applied. The proletariat, in order to become capable as a class of governing, must strip itself of every residue of corporatism, every syndicalist prejudice and incrustation. What does this mean? That, in addition to the need to overcome the distinctions which exist between one trade and another, it is necessary ‐ in order to win the trust and consent of the peasants and of some semiproletarian urban categories ‐ to overcome certain prejudices and conquer certain forms of egoism which can and do subsist within the working class as such, even when craft particularism has disappeared. The metalworker, the joiner, the building‐worker, etc., must not only think as proletarians, and no longer as metal‐worker, joiner, building‐worker, etc.; they must also take a further step. They must think as workers who are members of a class which aims to lead the peasants and intellectuals. Of a class which can win and build socialism only if it is aided and followed by the great majority of these social strata. If this is not achieved, the proletariat does not become the leading class; and these strata (which in Italy represent the majority of the population), remaining under bourgeois leadership, enable the State to resist the proletarian assault and wear it down. Well, what has occurred on the terrain of the Southern question shows that the proletariat has understood these duties. Two events should be recalled: one took place in Turin; the other occurred at Reggio Emilia, i.e. in the very citadel of reformism, class corporatism and working‐class protectionism which is cited as a prime example by the "Southernists" in their propaganda among the peasants of the South. After the occupation of the factories, the Fiat board proposed to the workers that they should run the firm as a cooperative. Naturally, the reformists were in favour. An industrial crisis was looming; the spectre of unemployment tormented the workers' families. If Fiat became a cooperative, a certain job security might be obtained by the skilled workers, and especially by the politically most active workers, who were convinced that they were marked out for dismissal. The Socialist Party section, led by the communists, intervened energetically on the question. The workers were told the following: "A great firm like Fiat can be taken over as a cooperative by the workers, only if the latter have resolved to enter the system of bourgeois political forces which governs Italy today. The proposal of the Fiat board forms a part of Giolitti's political plan. In what does this plan consist? The bourgeoisie, even before the War, could not govern peacefully any longer. The rising of the Sicilian peasants in 1894 and the Milan insurrection of 1898 were the experimentum crucis of the Italian bourgeoisie. 254 After the bloody decade 1890‐1900, the bourgeoisie was forced to renounce a dictatorship that was too exclusive, too violent, too direct. For there had risen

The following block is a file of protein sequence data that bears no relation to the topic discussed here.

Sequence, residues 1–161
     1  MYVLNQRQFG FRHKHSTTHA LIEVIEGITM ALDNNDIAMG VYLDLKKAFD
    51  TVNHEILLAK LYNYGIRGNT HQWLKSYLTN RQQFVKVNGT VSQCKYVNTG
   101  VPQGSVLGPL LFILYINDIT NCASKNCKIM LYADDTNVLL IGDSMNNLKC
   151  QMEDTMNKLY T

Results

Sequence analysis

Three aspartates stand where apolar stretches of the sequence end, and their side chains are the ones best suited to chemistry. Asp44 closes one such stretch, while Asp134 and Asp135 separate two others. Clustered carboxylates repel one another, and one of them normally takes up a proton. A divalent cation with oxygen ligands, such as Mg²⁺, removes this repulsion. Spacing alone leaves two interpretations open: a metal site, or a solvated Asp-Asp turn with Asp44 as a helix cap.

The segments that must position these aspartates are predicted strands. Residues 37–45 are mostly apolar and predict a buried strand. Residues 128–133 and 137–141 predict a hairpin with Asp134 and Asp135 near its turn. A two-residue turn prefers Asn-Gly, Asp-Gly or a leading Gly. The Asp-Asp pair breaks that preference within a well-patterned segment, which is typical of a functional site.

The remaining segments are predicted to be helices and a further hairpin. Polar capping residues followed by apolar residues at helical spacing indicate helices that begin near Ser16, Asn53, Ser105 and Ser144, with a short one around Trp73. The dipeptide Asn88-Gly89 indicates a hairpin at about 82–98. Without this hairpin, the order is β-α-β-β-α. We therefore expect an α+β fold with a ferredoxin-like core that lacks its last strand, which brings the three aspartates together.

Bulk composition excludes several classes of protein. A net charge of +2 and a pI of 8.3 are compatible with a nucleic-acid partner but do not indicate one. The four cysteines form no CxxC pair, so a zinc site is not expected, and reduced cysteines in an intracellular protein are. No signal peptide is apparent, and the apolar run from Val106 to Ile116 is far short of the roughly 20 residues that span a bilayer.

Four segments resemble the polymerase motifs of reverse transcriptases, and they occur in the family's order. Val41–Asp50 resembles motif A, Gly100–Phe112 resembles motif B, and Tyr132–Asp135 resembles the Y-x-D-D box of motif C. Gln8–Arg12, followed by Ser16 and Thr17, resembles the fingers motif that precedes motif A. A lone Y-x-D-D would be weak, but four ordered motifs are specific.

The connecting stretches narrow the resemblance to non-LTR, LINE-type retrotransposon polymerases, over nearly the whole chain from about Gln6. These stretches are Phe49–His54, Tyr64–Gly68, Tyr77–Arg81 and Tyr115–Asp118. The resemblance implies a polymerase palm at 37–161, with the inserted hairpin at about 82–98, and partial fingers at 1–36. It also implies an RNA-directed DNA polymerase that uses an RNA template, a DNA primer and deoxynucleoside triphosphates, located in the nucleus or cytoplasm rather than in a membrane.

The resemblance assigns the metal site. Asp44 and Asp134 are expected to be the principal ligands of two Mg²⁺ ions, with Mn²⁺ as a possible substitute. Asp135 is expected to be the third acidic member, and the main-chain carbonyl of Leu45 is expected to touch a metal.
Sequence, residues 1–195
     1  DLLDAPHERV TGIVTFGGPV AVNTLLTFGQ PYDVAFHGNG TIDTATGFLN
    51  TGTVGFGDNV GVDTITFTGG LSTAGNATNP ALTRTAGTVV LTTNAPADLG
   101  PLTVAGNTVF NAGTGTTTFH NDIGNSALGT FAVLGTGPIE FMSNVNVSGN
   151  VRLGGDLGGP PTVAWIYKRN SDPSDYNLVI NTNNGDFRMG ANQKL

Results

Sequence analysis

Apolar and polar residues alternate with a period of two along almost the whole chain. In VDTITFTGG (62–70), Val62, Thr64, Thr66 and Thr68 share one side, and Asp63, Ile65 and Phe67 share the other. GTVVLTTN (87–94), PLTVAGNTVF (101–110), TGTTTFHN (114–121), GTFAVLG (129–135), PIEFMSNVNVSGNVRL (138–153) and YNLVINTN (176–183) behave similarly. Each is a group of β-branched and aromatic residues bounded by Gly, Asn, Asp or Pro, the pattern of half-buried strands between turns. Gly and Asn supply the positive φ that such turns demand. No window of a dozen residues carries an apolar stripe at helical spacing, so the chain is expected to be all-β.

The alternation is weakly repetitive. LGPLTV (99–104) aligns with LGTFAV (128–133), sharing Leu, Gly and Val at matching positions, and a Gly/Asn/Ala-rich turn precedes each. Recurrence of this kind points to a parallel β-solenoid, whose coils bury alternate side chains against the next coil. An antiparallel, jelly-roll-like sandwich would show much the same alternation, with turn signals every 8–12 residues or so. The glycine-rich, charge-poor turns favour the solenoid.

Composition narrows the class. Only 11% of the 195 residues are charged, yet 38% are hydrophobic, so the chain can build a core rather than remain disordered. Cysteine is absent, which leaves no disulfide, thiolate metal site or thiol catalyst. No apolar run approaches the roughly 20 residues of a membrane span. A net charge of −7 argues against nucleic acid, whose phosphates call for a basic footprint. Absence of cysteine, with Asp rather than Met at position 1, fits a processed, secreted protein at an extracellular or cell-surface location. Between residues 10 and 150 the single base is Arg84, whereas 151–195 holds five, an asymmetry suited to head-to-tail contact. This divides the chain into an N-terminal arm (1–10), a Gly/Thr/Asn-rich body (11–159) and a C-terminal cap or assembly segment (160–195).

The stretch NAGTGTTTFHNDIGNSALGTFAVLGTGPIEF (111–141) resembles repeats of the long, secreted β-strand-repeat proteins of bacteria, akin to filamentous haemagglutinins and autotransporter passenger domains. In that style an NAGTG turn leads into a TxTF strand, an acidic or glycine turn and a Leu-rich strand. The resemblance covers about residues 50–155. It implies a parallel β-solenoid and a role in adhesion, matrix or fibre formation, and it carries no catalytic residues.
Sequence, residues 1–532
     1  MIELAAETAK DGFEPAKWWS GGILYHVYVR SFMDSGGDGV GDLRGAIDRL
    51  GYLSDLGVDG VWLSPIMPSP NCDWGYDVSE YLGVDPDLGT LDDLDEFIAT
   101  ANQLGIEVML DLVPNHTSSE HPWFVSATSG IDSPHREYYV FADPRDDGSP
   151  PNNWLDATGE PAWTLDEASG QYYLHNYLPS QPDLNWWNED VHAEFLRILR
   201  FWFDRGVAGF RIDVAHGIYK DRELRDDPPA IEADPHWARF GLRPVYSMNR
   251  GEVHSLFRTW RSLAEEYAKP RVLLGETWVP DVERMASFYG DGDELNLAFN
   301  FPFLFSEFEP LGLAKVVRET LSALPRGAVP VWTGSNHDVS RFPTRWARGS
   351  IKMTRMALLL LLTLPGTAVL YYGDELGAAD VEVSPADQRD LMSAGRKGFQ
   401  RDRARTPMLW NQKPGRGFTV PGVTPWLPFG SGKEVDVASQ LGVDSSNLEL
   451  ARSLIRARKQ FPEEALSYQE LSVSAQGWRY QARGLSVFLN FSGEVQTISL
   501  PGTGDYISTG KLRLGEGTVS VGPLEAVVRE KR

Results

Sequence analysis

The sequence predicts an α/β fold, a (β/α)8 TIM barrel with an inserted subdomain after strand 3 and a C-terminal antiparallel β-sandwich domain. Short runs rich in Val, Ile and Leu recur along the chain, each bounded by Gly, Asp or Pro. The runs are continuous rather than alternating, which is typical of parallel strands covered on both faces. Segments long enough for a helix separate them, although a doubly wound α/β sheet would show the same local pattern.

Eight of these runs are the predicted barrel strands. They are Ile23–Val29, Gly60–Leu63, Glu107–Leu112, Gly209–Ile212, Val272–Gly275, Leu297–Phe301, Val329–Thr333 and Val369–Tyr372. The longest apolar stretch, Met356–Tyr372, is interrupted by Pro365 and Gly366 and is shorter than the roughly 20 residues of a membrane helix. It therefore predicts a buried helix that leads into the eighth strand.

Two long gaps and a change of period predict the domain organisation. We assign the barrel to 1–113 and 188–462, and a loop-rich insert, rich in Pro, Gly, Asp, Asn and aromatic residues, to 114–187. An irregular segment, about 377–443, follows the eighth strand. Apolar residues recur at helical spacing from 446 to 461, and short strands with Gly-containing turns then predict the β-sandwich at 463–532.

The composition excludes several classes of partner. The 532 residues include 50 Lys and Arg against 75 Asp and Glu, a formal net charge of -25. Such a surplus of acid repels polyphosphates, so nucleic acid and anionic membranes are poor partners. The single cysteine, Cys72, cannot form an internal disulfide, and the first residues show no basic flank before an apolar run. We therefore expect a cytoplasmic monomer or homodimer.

against it simultaneously, even if not in a coordinated fashion, the Southern peasants and the Northern workers. "In the new century, the ruling class inaugurated a new policy of class alliances, class political blocs: i.e. bourgeois democracy. It had to choose: either a rural democracy, i.e. an alliance with the Southern peasants, a policy of free trade, universal suffrage, administrative decentralization and low prices for industrial products; or a capitalist/worker industrial bloc, without universal suffrage, with tariff barriers, with the maintenance of a highly centralized State (the expression of bourgeois dominion over the peasants, especially in the South and the Islands), and with a reformist policy on wages and trade union freedoms. It chose, not by chance, the latter solution. Giolitti personified bourgeois rule; the Socialist Party became the instrument of Giolitti's policies. "If you look closely, it was in the decade 1900‐1910 that the most radical crises occurred in the socialist and working‐class movement. The masses reacted spontaneously against the policy of the reformist leaders. Syndicalism was born: the instinctive, elemental, primitive but healthy expression of working‐class reaction against the bloc with the bourgeoisie and in favour of a bloc with the peasants ‐ and first and foremost with the Southern peasants. Precisely that. Indeed, in a certain sense, syndicalism is a weak attempt on the part of the Southern peasants, represented by their most advanced intellectuals, to lead the proletariat. Who forms the leading nucleus of Italian syndicalism, and what is its ideological essence? The leading nucleus of syndicalism is made up almost exclusively of southerners: Labriola, Leone, Longobardi, Orano. The ideological essence of syndicalism is a new liberalism, more energetic, more aggressive, more pugnacious than the traditional variety. If you look closely there are two fundamental themes around which the successive crises of syndicalism and the gradual passage of the syndicalist leaders into the bourgeois camp took place: emigration and free trade, two themes closely bound up with Southernism. The phenomenon of emigration gave birth to the idea of Enrico Corradini's 'proletarian nation'; the Libyan war appeared to a whole layer of intellectuals as the beginning of the 'great proletariat's' offensive against the capitalist and plutocratic world."' A whole group of syndicalists went over to nationalism; indeed the Nationalist Party was orginally made up of exsyndicalist intellectuals (Monicelli, Forges‐Davanzati, Maraviglia). Labriola's book History of Ten Years (the ten years from 1900 to 1910) is the most typical and characteristic expression of this antiGiolittian and Southernist neo‐liberalism. "In the ten years in question, capitalism was strengthened and developed, and directed a part of its activity towards the agriculture of the Po Valley. The most characteristic feature of those ten years was the mass strikes of the agricultural workers of the Po Valley. A profound upheaval took place among the Northern